This fear is grossly misplaced. Long-term economic trends across the globe are impressive. Since the year 2000, in just 15 years, the world’s per-person GDP has grown by 20 percent, after adjusting for inflation. It is even stronger in poor areas like sub-Saharan Africa, which grew over 30 percent.
If global growth continues at this rate, in a bit more than half a century the world—every man, woman, and child—will produce twice as much annually as what is produced now. That tremendous growth means twice as many goods like homes, cars, and food; twice as many services like medical care and education; twice as much available for cleaning up the environment and helping the needy.
The world’s economic pie is growing dramatically. However, almost all of us fail to see this growth and the amazing possibilities it presents humanity. Instead, human nature causes us to focus on short-term problems.
Former President Franklin Roosevelt said at his inauguration, “The only thing we have to fear is fear itself.” That statement is as true today as it was during the Great Depression.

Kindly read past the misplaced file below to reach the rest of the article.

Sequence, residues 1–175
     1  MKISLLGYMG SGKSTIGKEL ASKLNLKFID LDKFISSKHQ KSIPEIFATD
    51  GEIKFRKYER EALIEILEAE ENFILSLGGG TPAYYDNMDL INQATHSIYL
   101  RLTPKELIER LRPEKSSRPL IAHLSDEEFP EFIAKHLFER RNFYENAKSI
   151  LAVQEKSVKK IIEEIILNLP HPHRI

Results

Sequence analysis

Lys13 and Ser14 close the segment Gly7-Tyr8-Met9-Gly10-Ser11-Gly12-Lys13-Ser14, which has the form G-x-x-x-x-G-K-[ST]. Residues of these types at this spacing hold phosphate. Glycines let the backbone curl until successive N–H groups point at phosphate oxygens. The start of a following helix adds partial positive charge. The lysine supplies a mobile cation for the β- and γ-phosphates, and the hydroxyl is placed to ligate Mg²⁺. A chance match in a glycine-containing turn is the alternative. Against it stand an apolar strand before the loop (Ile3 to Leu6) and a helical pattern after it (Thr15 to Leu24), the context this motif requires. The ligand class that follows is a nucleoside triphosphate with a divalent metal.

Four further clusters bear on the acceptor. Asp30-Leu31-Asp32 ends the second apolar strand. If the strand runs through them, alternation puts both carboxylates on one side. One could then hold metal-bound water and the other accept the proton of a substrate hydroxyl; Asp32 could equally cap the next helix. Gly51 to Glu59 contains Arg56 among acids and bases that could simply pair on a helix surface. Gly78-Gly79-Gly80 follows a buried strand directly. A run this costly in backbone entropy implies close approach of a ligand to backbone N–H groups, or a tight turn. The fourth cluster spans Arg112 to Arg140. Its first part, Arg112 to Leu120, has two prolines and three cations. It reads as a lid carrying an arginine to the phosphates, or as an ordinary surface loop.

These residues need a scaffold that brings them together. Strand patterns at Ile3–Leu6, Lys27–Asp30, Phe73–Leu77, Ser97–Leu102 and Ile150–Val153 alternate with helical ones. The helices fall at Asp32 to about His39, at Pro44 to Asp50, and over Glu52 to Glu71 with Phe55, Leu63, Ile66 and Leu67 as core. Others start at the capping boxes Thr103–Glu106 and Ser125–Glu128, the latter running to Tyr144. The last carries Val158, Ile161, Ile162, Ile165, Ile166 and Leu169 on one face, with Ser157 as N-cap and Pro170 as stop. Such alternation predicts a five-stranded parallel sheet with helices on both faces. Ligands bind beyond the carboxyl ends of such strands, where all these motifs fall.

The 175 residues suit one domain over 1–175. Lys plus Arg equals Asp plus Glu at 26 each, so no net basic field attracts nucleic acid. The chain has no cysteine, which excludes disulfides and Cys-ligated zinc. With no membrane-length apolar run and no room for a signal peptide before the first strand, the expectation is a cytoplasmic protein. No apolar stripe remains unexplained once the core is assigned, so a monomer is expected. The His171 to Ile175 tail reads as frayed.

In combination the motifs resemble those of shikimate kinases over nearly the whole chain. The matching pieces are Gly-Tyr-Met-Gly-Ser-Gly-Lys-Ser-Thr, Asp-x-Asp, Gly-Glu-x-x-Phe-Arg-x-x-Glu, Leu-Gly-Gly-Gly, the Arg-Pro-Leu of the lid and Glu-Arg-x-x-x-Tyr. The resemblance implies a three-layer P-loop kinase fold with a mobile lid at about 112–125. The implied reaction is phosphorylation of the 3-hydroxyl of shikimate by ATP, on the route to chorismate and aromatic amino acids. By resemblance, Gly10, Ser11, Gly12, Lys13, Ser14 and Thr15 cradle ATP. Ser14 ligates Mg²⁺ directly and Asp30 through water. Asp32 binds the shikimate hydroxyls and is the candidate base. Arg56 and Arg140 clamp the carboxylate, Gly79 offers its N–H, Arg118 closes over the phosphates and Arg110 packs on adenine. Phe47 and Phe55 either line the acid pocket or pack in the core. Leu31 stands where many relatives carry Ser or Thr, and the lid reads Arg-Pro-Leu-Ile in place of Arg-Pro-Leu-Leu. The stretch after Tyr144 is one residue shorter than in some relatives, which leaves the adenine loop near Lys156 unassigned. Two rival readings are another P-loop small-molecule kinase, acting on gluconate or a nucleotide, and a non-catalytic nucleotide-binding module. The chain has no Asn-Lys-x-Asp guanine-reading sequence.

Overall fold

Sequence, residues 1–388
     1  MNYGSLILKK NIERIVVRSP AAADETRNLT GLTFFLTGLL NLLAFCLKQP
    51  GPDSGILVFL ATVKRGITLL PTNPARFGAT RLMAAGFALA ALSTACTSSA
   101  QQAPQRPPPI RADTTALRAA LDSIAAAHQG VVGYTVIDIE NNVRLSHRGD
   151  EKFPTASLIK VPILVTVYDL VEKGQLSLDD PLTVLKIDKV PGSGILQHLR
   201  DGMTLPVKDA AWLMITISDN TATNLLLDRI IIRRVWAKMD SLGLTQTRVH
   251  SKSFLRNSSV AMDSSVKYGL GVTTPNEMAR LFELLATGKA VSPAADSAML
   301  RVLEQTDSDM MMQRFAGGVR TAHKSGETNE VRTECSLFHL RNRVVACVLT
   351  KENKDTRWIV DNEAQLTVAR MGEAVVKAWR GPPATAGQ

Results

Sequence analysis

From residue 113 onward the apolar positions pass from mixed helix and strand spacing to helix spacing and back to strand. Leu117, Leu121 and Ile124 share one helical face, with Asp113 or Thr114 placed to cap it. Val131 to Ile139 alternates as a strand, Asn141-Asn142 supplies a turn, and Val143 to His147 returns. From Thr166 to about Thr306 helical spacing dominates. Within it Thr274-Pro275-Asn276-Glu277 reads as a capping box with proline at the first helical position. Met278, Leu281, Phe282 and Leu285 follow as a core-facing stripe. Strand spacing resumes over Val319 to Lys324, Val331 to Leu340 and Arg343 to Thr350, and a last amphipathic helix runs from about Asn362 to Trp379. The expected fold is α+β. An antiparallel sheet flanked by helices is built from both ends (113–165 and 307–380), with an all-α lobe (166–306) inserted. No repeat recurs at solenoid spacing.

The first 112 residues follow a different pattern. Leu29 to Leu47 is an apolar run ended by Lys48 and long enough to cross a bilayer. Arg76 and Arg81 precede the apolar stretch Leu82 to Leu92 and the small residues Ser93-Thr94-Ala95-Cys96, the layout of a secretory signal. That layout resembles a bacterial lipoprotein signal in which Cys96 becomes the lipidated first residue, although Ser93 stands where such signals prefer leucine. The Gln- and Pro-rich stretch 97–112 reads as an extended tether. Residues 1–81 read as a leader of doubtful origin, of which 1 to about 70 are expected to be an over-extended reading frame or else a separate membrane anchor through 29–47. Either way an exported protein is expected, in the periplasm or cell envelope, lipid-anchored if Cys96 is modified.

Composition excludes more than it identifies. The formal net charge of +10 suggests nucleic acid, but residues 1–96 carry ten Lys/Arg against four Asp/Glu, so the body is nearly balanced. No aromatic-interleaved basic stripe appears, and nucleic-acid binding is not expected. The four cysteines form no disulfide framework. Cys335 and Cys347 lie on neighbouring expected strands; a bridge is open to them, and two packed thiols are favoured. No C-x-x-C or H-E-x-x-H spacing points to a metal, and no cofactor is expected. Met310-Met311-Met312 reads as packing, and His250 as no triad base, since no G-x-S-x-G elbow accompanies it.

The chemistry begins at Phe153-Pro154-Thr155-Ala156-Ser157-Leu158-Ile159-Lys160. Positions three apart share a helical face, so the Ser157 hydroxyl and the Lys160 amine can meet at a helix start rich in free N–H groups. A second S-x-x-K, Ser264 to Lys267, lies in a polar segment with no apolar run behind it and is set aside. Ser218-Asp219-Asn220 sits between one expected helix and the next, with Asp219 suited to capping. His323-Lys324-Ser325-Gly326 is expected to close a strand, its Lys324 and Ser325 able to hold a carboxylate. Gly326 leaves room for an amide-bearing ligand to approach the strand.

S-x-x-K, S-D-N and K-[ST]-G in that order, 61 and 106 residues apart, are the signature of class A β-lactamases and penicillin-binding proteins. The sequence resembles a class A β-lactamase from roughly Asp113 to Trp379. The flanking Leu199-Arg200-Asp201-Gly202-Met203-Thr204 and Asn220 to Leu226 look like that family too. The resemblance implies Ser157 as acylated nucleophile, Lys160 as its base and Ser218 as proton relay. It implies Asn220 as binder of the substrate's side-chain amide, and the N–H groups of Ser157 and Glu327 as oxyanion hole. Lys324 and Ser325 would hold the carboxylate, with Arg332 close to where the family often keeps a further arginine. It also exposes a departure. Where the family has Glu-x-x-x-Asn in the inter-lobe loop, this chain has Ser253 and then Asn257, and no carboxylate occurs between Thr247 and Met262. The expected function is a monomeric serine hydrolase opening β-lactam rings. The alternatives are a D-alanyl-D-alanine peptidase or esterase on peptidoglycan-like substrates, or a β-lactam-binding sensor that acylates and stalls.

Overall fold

Ignore the fear and instead enjoy the growing pie in 2016.
Mechele Dickerson is a professor of law at te University of Texas at Austin. Jay L. Zagorsky is an economist and research scientist at Ohio State University. Thomas Kochan is a professor of management at MIT Sloan School of Management. This article was previously published on TheConversation.com
Views expressed in this article are the opinions of the author and do not necessarily reflect the views of The Epoch Times.